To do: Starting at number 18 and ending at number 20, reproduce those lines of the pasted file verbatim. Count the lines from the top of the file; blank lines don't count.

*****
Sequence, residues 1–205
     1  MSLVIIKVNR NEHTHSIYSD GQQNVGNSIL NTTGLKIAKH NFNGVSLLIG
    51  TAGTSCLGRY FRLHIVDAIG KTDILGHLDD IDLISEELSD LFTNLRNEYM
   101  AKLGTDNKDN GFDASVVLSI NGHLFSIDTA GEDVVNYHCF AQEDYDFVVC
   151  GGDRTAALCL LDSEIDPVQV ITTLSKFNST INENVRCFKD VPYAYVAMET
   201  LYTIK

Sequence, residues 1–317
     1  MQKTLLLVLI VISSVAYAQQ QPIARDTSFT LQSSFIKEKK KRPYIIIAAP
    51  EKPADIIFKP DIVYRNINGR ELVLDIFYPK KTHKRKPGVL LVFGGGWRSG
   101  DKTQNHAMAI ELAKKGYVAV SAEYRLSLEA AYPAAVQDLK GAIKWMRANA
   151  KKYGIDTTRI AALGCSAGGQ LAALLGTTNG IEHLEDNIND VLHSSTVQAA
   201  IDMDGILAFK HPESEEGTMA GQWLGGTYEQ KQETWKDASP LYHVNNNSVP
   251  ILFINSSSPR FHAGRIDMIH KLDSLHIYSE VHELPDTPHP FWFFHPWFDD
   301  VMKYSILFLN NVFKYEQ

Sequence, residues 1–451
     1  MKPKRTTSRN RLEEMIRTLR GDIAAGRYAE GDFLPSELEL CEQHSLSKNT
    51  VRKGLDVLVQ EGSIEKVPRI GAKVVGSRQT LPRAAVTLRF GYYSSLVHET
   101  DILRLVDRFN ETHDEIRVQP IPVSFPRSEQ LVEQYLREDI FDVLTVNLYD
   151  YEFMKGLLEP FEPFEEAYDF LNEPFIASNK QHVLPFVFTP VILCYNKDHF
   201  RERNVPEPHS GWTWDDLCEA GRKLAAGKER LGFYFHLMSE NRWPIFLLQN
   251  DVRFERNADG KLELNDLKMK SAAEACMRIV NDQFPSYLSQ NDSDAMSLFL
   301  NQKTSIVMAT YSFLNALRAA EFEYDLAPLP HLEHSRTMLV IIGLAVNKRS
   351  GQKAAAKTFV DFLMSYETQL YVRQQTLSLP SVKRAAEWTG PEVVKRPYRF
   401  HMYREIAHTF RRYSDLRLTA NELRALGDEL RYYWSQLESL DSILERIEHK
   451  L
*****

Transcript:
   101  DILRLVDRFN ETHDEIRVQP IPVSFPRSEQ LVEQYLREDI FDVLTVNLYD
   151  YEFMKGLLEP FEPFEEAYDF LNEPFIASNK QHVLPFVFTP VILCYNKDHF
   201  RERNVPEPHS GWTWDDLCEA GRKLAAGKER LGFYFHLMSE NRWPIFLLQN